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I thought I’d heard all of Steve Brown’s sermons while I was in seminary.  Either I didn’t, or he got a whole new bunch of them for his book A Scandalous Freedom: The Radical Nature of the Gospel. 

I’d been wanting to read Steve’s book on grace for a few years.  Finally did, and glad I did.  Steve makes reading theology fun, and sometimes that can be no small feat.  There is possibly no greater sin than making theology boring, though the blood of Jesus is sufficient to forgive even that!  Steve doesn’t have to worry about sinning big there.

Steve likes to say things in a controversial way.  Lots of younger pastors do that now too.  But what he says is usually true.  Other guys often speak untruth.  I remember the 1991 Ligonier Conference on the Cross.  In his first sermon Steve was hitting hard on how we “cannot add to or take anything away from the Cross.”  Your obedience doesn’t make you more saved, or your disobedience less saved- it all rests on what Jesus did.  Some people went from that into thinking Steve was an antinomian (someone who thinks the law and obedience are irrelevant).  Oh, how we long to be self-righteous little religious fanatics.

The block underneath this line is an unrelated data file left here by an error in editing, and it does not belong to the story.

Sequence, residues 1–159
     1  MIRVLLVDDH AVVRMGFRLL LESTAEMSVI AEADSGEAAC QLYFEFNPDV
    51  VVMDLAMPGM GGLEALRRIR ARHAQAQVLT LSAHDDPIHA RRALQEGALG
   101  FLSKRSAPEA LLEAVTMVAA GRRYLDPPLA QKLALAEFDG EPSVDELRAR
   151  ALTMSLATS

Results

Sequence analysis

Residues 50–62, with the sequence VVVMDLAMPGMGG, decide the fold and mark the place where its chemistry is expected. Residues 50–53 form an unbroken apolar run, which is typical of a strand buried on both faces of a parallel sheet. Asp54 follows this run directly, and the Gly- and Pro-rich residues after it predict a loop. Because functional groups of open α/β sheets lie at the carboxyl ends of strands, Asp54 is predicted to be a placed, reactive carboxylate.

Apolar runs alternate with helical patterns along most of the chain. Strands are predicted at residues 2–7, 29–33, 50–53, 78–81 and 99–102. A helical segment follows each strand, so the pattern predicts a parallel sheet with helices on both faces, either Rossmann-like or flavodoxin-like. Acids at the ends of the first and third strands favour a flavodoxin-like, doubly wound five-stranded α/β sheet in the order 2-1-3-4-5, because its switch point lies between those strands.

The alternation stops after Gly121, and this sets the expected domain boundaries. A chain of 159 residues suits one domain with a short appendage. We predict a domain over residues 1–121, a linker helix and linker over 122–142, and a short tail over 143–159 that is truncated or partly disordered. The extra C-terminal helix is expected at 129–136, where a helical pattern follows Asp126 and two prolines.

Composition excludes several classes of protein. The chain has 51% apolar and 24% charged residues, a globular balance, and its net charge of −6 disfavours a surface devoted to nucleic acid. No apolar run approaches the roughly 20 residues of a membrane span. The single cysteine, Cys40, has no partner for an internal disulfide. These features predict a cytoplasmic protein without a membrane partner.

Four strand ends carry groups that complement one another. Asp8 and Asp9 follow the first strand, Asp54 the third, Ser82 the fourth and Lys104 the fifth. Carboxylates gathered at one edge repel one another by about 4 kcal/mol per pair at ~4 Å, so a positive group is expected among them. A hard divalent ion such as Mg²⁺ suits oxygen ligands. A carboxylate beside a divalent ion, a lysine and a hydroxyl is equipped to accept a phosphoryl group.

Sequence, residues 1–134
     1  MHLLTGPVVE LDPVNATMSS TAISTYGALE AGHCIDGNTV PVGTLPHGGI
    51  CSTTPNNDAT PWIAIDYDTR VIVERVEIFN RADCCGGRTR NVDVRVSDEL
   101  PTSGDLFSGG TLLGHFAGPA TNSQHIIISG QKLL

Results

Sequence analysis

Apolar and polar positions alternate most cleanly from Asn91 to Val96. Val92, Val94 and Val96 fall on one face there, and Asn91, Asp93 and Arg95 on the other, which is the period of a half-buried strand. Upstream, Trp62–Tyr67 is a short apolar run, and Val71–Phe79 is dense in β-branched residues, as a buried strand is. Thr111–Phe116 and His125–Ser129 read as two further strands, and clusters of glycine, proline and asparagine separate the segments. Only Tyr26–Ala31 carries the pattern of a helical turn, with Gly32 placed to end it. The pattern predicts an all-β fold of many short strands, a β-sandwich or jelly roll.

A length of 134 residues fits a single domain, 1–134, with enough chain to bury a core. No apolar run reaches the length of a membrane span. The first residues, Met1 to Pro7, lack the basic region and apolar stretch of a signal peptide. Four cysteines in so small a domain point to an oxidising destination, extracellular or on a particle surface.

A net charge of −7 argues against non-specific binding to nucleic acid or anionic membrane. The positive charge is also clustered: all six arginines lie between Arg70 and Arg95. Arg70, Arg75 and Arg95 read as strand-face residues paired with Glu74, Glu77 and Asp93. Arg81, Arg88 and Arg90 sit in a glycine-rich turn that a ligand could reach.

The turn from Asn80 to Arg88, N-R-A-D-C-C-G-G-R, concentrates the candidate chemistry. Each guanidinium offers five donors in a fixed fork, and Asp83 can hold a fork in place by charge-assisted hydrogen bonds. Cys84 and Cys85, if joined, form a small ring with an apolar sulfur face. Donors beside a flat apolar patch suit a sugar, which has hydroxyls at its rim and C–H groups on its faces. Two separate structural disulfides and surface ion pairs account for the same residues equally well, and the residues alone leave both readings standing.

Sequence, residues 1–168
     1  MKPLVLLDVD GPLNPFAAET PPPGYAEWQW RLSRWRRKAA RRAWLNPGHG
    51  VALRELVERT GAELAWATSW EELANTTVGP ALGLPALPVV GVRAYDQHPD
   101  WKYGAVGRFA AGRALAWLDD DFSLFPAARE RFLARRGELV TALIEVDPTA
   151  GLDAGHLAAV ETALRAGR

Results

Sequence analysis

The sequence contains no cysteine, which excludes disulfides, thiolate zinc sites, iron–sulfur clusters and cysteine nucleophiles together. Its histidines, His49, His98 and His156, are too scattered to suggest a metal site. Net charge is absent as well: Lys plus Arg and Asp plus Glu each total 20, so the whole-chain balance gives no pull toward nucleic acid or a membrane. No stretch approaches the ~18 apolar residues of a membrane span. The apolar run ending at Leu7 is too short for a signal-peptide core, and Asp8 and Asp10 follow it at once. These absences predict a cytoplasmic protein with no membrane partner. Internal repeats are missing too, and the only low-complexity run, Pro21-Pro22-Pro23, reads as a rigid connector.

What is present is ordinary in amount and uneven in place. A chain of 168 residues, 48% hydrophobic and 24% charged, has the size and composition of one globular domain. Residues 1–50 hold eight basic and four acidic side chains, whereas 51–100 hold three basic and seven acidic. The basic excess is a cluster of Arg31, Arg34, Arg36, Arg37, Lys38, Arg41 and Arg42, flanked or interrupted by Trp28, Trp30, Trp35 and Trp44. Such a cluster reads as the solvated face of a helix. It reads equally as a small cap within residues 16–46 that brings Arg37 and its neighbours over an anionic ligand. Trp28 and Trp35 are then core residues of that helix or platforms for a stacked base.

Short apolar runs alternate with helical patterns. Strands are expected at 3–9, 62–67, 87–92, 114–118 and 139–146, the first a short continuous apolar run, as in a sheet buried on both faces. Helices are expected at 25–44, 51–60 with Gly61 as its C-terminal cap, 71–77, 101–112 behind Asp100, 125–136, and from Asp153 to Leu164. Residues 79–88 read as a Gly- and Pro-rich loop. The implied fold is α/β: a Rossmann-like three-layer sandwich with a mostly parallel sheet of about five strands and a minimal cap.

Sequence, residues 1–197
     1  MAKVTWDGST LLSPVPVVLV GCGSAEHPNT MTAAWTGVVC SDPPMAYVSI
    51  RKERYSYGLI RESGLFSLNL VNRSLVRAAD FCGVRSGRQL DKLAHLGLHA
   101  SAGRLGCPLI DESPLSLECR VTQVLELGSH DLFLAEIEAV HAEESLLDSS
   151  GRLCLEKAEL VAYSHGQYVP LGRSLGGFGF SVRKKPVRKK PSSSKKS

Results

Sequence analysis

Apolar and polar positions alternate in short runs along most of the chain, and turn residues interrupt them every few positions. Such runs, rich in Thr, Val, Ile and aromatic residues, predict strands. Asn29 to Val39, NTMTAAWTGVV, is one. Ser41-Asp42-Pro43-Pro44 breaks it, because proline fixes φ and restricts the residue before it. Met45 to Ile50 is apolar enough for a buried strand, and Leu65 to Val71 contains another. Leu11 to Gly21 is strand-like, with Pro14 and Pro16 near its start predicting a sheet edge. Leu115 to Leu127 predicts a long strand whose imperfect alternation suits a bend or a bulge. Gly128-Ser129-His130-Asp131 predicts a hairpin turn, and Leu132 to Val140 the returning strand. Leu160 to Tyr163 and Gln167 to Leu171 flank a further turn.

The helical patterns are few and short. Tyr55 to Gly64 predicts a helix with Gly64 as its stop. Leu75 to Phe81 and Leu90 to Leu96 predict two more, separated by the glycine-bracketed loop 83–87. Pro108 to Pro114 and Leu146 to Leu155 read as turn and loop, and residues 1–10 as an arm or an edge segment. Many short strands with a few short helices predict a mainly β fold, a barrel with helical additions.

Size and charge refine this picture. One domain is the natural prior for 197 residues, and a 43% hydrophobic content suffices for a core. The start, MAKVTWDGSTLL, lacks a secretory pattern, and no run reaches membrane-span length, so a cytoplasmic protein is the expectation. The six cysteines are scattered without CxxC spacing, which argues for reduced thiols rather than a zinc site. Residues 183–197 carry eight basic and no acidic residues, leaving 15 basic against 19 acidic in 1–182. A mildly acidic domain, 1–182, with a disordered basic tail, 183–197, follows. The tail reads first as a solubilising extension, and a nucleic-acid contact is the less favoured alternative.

This book is about grace, and the ways we forfeit it by living in prisons of our own design.  Jesus has set us free, but we miss the feel of the chains.  Throughout this book, Steve makes a number of really good points using some really good illustrations.  There was only one small point I would quibble with- but since I didn’t want to throw the book against the wall, I won’t even mention what it was.

Steve starts with the fact that we are free in Christ, moves to our false views of God, then a summary of the gospel and into the various prisons we put ourselves in.